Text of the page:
Writing Excuses 9.48: Neurobolics of Characters

As authors we spend a lot of time trying to make our readers care about the characters we create. We have a wide variety of techniques at our disposal to accomplish this. But do we ever ask ourselves why any of this is possible in the first place? What is it about our brains that makes us care about fictional characters?

Enter Cory Doctorow, who posed this question to us at Westercon 67. If you like the episodes where a guest comes in and blows our minds (and they’re some of our favorites) you need to put this one on the list.

Audiobook Pick of the Week: Homeland, by Cory Doctorow, narrated by Wil Wheaton, with Noah Swartz and Jacob Applebaum. (Note:  Cory Doctorow’s titles aren’t carried by Audible, but you can find all of them here and buy them DRM-free directly from Cory.)

Play

Along the lines of the anecdote Cory shared, sever a character’s corpus callosum so that they have to say things out loud in order to fully comprehend what they’re seeing.

22 thoughts on “Writing Excuses 9.48: Neurobolics of Characters”

  1. This was super fascinating and I think, like Howard, I’m going to need to give it several listens to digest all the meat, but I suspect it’ll be worth it. Though when you think about it, how many forms of entertainment do we tap into some deeper emotional place? Sports? Yeah watching sports can set off chemical reactions if our team does well or poorly. Fiction the same (as discussed here). Movies same. Even music is built around generating an emotional (and therefor chemical) response.

    Hm.

  2. The idea of the ‘predator in camouflage’ is absolutely fascinating to me, but I am not really certain I understand the practical applications. Survival mechanisms only evolve if there is a need for them, and I can’t really think of any predators who resemble humans. Now, there are obviously different species of predators that use general camouflage to attack, like the way tigers and lions blend in with the grass–and that’s creepy, but they don’t look like humans and we don’t get the ‘uncanny valley’ creeped-out feeling when looking at prey animals that are camouflaged. So while it’s definitely a creepy idea that there could be a monster that looked like humans, I can’t see that being the cause of that fear. My guess would be more to do with the way dead bodies look after decay sets in. Dead bodies can carry disease, and they can also call out to predators through scent. If we weren’t creeped out by the way a loved one started to look after they began to decay, we might insist on staying by the corpse’s side. However, once the person’s face is distorted and the ability to recognize them is compromised, we find the body disturbing and will leave it behind. If we did not, we’d waste time and resources (and risk death) empathizing with a being who is no longer there and can no longer contribute to our survival.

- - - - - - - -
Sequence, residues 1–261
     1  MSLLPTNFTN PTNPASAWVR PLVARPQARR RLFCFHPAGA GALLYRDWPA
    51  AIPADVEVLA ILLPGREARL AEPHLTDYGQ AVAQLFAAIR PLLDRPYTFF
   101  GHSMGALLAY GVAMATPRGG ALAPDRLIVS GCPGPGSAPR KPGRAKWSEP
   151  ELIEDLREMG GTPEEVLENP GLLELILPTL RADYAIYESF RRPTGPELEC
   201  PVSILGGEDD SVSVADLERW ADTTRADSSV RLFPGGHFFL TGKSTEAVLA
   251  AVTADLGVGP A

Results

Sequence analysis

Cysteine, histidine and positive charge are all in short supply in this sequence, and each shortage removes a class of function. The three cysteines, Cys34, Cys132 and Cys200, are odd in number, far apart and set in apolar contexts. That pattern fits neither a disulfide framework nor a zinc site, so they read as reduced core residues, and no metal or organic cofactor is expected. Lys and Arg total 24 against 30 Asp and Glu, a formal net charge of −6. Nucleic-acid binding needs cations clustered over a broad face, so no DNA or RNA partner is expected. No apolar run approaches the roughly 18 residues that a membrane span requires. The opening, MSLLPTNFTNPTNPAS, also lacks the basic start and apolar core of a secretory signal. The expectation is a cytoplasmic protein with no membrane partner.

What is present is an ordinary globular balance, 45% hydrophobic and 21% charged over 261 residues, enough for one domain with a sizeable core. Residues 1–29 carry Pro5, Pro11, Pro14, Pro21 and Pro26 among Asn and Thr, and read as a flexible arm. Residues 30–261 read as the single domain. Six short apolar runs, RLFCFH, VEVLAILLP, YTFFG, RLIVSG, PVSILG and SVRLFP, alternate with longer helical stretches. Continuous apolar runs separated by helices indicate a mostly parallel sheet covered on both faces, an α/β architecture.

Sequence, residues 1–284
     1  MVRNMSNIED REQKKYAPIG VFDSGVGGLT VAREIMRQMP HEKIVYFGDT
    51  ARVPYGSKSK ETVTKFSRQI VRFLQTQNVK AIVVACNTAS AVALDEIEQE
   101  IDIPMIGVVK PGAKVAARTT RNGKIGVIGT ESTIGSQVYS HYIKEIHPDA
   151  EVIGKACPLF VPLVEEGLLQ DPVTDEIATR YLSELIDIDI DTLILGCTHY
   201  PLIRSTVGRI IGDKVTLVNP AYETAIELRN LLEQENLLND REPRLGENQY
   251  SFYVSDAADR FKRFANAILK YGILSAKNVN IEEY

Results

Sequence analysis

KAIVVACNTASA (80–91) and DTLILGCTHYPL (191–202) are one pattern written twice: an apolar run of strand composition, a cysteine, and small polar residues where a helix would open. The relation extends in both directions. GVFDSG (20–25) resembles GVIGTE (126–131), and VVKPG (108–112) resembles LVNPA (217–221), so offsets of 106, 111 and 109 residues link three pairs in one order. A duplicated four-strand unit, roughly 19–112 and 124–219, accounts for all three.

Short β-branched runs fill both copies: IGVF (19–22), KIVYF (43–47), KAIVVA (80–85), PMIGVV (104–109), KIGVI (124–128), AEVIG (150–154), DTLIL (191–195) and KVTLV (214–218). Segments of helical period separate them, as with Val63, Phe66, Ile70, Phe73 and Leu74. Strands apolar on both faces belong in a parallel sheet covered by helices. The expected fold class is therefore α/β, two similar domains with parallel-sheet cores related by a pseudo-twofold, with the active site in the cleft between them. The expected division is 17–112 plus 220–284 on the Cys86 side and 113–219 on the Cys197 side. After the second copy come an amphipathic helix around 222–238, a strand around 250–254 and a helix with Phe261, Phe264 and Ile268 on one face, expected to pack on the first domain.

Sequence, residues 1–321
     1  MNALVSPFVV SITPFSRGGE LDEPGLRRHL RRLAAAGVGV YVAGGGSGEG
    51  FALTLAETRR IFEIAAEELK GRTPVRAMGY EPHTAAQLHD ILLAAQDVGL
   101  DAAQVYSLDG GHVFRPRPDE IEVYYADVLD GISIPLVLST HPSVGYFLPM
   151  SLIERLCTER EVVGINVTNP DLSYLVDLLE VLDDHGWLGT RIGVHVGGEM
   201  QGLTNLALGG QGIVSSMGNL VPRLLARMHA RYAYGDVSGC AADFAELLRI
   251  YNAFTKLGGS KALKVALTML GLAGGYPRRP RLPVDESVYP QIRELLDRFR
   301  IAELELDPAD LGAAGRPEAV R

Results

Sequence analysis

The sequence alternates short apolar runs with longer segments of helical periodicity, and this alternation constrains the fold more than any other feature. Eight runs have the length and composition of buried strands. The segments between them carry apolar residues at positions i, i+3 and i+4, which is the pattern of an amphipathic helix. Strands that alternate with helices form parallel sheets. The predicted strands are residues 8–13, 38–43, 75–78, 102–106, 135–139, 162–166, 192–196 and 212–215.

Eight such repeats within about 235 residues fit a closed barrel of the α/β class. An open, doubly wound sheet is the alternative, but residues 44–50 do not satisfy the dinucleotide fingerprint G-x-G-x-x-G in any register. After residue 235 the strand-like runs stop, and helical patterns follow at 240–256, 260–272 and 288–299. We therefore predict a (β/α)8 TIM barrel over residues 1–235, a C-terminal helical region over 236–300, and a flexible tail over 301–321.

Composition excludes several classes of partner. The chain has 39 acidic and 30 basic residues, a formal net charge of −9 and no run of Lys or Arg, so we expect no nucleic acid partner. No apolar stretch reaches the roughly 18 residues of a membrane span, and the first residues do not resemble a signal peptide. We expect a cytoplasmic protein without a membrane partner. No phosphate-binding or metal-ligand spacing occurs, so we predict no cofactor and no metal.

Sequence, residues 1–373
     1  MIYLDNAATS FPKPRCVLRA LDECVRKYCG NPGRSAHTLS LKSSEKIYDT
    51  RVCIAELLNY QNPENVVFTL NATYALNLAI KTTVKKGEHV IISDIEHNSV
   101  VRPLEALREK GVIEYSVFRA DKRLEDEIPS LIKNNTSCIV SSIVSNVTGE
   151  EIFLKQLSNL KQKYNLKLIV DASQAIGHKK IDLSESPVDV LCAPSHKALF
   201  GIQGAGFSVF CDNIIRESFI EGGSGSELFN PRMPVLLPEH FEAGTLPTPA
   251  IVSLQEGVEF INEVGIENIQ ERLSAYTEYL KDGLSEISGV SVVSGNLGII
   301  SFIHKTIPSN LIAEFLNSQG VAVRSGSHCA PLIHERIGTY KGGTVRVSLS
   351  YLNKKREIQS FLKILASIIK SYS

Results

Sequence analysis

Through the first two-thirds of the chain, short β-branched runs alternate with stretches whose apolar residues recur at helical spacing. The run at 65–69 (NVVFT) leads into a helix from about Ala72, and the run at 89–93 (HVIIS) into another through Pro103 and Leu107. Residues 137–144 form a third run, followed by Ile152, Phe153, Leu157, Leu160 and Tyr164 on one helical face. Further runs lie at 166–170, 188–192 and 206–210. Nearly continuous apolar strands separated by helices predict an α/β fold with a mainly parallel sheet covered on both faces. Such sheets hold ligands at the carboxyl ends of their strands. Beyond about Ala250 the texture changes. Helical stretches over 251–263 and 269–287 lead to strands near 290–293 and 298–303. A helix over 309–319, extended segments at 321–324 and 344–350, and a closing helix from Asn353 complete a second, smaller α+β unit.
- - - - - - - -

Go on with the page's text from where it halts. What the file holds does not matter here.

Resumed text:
3. @ Alyssa
    “The idea of the ‘predator in camouflage’ is absolutely fascinating to me, but I am not really certain I understand the practical applications. Survival mechanisms only evolve if there is a need for them, and I can’t really think of any predators who resemble humans. ”

    Well, clearly one of us needs to write a story where scientists studying the Uncanny Valley realize that we evolved it to warn us about monsters that can disguise themselves as people, then start to wonder why we’d need such a defense…

    I actually think the real reason for the Uncanny Valley might be to make us avoid dead bodies, which are disease vectors.

  4. I think I’m not smart enough for Mr. Doctorow. But I like to be challenged, so thanks for such a great episode. Will there be more episodes with Cory Doctorow?